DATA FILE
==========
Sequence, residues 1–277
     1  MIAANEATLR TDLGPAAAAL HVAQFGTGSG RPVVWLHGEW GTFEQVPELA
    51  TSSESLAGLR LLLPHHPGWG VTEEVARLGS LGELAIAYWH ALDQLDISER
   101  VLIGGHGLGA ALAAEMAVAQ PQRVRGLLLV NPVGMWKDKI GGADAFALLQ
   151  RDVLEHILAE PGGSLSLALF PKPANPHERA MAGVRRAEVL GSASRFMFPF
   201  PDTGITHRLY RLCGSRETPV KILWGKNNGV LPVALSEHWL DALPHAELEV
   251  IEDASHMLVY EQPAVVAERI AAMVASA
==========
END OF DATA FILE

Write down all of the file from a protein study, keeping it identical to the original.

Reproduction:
Sequence, residues 1–277
     1  MIAANEATLR TDLGPAAAAL HVAQFGTGSG RPVVWLHGEW GTFEQVPELA
    51  TSSESLAGLR LLLPHHPGWG VTEEVARLGS LGELAIAYWH ALDQLDISER
   101  VLIGGHGLGA ALAAEMAVAQ PQRVRGLLLV NPVGMWKDKI GGADAFALLQ
   151  RDVLEHILAE PGGSLSLALF PKPANPHERA MAGVRRAEVL GSASRFMFPF
   201  PDTGITHRLY RLCGSRETPV KILWGKNNGV LPVALSEHWL DALPHAELEV
   251  IEDASHMLVY EQPAVVAERI AAMVASA